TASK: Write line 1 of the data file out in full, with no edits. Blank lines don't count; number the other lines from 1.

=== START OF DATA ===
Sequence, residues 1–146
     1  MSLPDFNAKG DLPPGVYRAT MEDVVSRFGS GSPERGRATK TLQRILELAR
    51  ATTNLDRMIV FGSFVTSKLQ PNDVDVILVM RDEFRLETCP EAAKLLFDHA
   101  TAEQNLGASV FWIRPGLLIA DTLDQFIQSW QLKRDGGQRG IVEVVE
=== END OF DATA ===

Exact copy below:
Sequence, residues 1–146